[SE Gazette of 22.10.1850 reported that James Stevens could read and write imperfectly, was found guilty and sentenced to 6 months hard labour and to be privately whipped. Of the 77 prisoners, only one could read and write well, 48 could read and write imperfectly and 28 were illiterate]
1851-Aug-05 Hop Harvest South Eastern Gazette
"Horton Kirby: our hops and those in the adjoining parishes of Darenth, Fawkham, Kingsdown and Hartley, are so full of vermin as they can stick. Since the rain the vermin and honeydew have increased, and unless a favourable change take place, we shall not grow enough to brew with."
1851-Oct-11 Fire at Blue House Farm Kentish Independent
"On the following morning [Friday 3rd October] about 12 o'clock an express came over fro the village of Hartley for the engine, Mr Aitkin with his brigade and the engine proceeded there with all possible dispatch and found a fire raging at the farm of Mr James Armstrong, at Hartley Bottom (sic); 2 cottages, a barn, a stack of oats, and another of peas and a cart lodge in which the fire broke out were entirely destroyed when the engine arrived; and it was feared that the adjoining far hous which was only separated by a small orchard, would share the same fate, but fortunately that was saved. The property was insured in the Norwich and Kent offices; the liability of the Norwich Office is, we believe, about £600."
[A shorter article in the South Eastern Gazette of 14.10.1851 says the fire engine came from Gravesend and that arson was suspected]
1852-Mar-23 Selling Corn at Dartford Market South Eastern Gazette
"County Court - The Shooting Money Case - Josiah Harris v Jonathan Hills
The case was adjourned from the last court, and excited considerable interest.
Mr Phelp of Southampton Buildings, appeared for the plaintiff, and Mr Gibson of Dartford, for the defendant.
Plaintiff is a farmer at Gravesend, and the defendant a miller at Dartford, at the firm of Hards and Hills, of the Royal Mills. The action was brought to recover the sum of 1 shilling from defendant.
The principle involved in the case is whether the millers have a right to deduct the 'shooting' or sack money, viz 1 shiling for every 5 quarters of corn, and which the defendant had done, and contended he had a right to do, in this instance.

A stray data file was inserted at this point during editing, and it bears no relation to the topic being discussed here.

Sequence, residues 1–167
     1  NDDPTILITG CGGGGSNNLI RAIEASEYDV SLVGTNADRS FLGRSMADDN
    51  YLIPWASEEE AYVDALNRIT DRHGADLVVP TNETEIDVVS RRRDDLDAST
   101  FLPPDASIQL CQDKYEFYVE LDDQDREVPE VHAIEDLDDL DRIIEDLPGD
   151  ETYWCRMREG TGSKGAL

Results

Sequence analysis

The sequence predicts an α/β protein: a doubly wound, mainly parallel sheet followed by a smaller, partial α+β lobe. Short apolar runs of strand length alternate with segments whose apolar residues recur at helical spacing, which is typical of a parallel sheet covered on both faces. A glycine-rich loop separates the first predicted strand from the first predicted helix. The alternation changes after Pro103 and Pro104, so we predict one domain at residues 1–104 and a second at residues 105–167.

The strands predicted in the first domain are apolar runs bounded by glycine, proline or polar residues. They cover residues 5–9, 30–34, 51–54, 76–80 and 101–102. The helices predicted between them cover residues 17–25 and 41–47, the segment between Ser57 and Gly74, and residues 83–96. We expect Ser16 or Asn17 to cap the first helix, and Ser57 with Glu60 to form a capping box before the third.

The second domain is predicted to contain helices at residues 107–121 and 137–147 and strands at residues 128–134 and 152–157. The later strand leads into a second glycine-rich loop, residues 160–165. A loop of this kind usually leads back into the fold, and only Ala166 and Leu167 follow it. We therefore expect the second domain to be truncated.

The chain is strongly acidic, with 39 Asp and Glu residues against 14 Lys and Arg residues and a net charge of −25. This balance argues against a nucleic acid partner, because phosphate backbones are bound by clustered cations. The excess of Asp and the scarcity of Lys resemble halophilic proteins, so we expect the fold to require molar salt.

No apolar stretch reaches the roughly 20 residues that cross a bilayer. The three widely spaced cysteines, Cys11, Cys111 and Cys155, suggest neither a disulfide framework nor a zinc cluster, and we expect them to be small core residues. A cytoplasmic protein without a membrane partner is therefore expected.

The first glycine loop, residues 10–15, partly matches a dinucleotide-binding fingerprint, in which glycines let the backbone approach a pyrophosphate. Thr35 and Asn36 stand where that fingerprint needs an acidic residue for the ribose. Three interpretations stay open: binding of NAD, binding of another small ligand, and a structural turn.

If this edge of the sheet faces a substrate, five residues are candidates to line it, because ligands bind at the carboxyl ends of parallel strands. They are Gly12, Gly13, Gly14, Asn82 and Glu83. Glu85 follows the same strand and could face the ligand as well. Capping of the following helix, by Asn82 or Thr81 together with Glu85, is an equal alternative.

The witnesses called on the part of the plaintiff were:
Mr Best of Fawkham (sic), whoe evidence went to show that he in one instance sold to an innkeeper named Relph, without allowing it, but that in all his dealings on the Dartford market, he had been obliged to do so, although he had 'grumbled' at it HIs honour remarked that people 'grumbled' at paying taxes.
Mr John Cooper of Sutton, proved that in one instance he had also sold to a miller without allowing the shooting money, but that, although he had been in the habit of attending Dartford Market for the last 30 years, he remembered no other similar instance.
Mr Gibson contended that the custom in this case, of allowing for shooting money, had all the requisites to make it as binding as any Act of Parliament. He cited several cases from Stephens's Commentaries on the Laws of England, upon the necessary requisites to support a local custom, and expressed his confidence that the evidence he shoudl adduce would fully satisfy all those requisites. He then called.
Mr John Tasker of Dartford, brewer, who proved that he had been in the habit of attending Dartford Market for the last 48 years; that he had carried on the business of a brewer, and also of a farmer, during a part of that period, and had consequently bought barley and sold wheat. On purchasing barley he invariably stopped 6d for every 5 quarters, and on selling wheat had always allowed 1s for every 5 quarters sold.
Mr Richard Austin of Greenhithe, also proved that he had always known it to be the custom to stop the shooting money. Witness, on being asked his age, replied 'Not quite a hundred'. On being futher pressed he admiited his age to be 93, at the same time saying he was 'only a boy' yet. His honour remarked he was rather 'an old boy'.
Mr Bensted of Hartley, Mr Cronk of Southfleet, and Mr Robins of Dartford, confirmed the former testimony.
His honour thought the custom contended by the defendant was virtually undefended, as the evidence was all on his side. He then dissected? the evidence, which he said left him no other alternative but to declare the custom fully proved, and judgement must therefore be given to the defendant."
[This case is about what local millers could deduct from the price paid, but a number of local people were witnesses. The "Mr Best of Fawkham" was almost certainly George Best, the tenant of Middle Farm, Hartley as noone called Best lived at Fawkham at the time of the 1851 census.]
1852-Apr-27 Sale of Fairby Farm Maidstone Journal
"Valuable and Important Freehold Estate - Hartley - near the market towns of Gravesend, Dartford and Farningham, Kent - To be sold by auction by Mr George Mandy at Garraways, Cornhill, London, on Monday, May 10th 1852 at 3 o'clock in the afternoon, by order of the trustees for sale under the will of the late Mr Francis Treadwell, and with the consent of the Mortgagee in one lot.